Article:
What is psoriasis – also known as psoriasis vulgaris?
Psoriasis is a chronic, inflammatory, non-infectious skin disease. It is also regarded as an endemic dermatological disease because it is so common.
Round, red, raised and sometimes itchy centres of inflammation on the skin are typical of psoriasis. These are sharply delimited and covered with characteristic silvery-shiny scales. Punctiform bleeding, a thin layer of skin over the damaged skin and lamellar scales (plaques) are characteristic. The disease ranges from isolated, initially punctiform, small centres of inflammation to involvement of all the skin.
The extensor sides of the major joints are particularly commonly affected, as well as the scalp or the area around the sacrum.
The nails are often affected as well as the skin. Typical changes in the nails are pin-head sized depressions in the nail plate, changes in the nail bed that cause yellowish brown discolouration, crumbling nails and separation of the nails.
Two to three per cent of the population suffer from psoriasis in Germany. The nails are also involved in every second patient with skin psoriasis. Between 20 and 30 per cent of those affected also have joint involvement and suffer from psoriatic arthritis.
What are the causes and risks for the development of psoriasis?
Psoriasis is a member of the group of autoimmune diseases. The precise causes leading to its development are not known. In addition to a hereditary predisposition, environmental factors are also involved. These may be injuries to the skin but may also be sunburn, a change of climate, stress situations or infections.
Psoriasis develops as a result of a malfunction of our immune system. The task of this defense system is to detect dangerous pathogens (e.g. germs), foreign substances and pollutants and destroy them in a targeted fashion.
In principle, psoriasis of the skin can develop in every age group but with different frequencies. The first peak in onset of the disease is before the age of 30. This early-onset form (type 1) has a marked hereditary component and patients are at higher risk of the disease becoming severe. Some 70 per cent of patients suffer from the early-onset form. In contrast, late-onset psoriasis (type 2) has a more favourable prognosis and usually only occurs after the age of 40.
What role does lifestyle play in the development of psoriasis?
As mentioned above, psoriasis is a member of the group of autoimmune diseases. In addition to a hereditary predisposition, environmental factors are also involved. These may be injuries to the skin but may also be sunburn, a change of climate, stress situations or infections.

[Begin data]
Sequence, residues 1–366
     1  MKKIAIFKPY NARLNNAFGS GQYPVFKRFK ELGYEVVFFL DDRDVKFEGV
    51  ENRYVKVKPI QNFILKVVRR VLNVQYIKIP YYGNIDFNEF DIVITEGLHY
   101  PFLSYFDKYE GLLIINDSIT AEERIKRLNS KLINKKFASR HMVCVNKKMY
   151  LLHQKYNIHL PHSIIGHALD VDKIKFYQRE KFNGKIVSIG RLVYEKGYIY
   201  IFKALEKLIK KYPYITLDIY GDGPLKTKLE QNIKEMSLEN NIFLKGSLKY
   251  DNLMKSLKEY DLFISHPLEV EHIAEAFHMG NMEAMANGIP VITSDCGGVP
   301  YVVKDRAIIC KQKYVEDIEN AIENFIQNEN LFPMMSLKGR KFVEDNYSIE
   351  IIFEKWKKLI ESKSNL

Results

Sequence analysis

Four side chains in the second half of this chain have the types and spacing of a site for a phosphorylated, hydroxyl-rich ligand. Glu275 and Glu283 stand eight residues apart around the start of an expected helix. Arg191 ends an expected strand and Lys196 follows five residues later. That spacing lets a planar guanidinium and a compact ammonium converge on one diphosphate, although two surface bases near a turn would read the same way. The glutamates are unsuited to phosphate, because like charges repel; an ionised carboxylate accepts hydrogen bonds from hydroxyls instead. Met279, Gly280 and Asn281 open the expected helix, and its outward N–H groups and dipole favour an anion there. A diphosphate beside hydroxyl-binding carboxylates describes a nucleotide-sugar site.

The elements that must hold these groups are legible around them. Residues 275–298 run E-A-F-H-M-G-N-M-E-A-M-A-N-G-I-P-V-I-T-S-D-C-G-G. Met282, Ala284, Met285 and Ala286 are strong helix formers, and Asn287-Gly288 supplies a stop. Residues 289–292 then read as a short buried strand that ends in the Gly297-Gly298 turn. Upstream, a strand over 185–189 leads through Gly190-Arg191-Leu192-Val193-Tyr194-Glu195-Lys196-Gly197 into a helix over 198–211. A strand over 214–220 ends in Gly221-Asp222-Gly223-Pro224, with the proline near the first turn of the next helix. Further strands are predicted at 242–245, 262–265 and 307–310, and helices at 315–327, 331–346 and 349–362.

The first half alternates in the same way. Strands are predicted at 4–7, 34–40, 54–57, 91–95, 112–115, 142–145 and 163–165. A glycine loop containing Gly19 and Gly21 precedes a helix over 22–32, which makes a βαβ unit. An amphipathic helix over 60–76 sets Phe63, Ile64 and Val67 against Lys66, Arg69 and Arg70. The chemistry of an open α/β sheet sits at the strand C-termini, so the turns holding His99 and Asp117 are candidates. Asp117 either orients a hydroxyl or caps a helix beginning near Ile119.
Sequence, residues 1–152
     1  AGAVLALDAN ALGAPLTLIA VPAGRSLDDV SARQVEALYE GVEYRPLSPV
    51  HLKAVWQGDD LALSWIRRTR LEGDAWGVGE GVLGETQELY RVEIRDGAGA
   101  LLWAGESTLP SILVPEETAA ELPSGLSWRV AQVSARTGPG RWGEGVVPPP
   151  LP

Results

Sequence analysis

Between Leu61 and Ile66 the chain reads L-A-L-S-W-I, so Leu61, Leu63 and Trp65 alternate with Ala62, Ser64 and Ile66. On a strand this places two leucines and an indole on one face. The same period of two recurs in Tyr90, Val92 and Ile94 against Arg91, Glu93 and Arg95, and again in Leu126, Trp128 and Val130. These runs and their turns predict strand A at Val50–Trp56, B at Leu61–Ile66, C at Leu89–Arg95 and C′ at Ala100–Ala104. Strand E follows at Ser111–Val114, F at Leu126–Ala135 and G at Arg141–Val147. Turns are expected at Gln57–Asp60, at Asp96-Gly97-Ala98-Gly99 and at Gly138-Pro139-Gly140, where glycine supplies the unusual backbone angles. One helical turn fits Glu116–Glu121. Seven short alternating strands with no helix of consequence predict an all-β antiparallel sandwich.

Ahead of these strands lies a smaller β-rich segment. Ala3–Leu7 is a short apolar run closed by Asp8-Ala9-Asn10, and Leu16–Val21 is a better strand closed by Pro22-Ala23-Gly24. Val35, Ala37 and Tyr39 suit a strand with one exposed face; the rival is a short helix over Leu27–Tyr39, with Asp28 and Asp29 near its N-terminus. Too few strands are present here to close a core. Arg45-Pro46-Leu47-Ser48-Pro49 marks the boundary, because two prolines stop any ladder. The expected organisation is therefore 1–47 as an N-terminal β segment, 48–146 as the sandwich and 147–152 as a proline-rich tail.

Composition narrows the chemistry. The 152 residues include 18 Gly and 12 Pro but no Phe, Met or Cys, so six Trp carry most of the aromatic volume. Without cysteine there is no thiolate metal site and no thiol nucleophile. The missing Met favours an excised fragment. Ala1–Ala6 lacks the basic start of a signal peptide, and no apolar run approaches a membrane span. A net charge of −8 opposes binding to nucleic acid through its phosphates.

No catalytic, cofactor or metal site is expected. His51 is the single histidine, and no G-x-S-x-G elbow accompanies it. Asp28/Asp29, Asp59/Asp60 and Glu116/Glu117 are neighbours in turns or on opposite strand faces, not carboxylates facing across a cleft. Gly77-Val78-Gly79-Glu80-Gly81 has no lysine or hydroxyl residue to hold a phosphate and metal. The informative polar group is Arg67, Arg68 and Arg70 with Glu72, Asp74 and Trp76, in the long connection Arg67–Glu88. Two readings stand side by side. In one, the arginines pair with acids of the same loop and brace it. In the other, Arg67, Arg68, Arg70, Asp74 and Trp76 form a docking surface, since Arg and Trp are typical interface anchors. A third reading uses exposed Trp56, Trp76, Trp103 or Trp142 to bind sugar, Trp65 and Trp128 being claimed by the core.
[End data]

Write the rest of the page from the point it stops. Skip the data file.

How is psoriasis diagnosed?
The dermatologist diagnoses psoriasis on the basis of the typical skin change and characteristics of the disease. Information about any relatives with psoriasis is also important.
How is psoriasis treated?
The prime objective of treatment in psoriasis is to reduce the increased cell division of the keratinocytes, the skin cells that form keratin.
The doctor causes the acute symptoms to subside with treatment. The inflammation is then brought under control and the frequency and severity of the acute episodes reduced.
The treatment’s aims may be achievable to a varying extent for each patient. In some cases, this may mean that already an effective improvement of the plaque formation or alleviation of the itching is regarded as a major progress.
Particular attention must be paid to the visible areas of the body, because the skin changes here impair the patient’s personal appearance and perceived quality of life.
Various therapy options are available:
- Topical skin care that prevents the skin drying out: e.g. creams, ointments, bath additives, etc.
- External treatment with anti-inflammatory active substances, such as corticosteroids and dithranol
- Balneotherapy: treatment with baths from natural healing springs
- UVB phototherapy and photochemotherapy: PUVA therapy
- Systemic (internal) treatment with retinoids (vitamin A derivatives) or active substances that influence the malfunctioning immune system. Methotrexate, ciclosporin or fumaric acid esters are regarded as having a good effect on severe manifestations of the disease
Non-medicinal measures, such as the exchange of experiences in self-help groups or taking part in patient training sessions, are also gaining increasing therapeutic significance.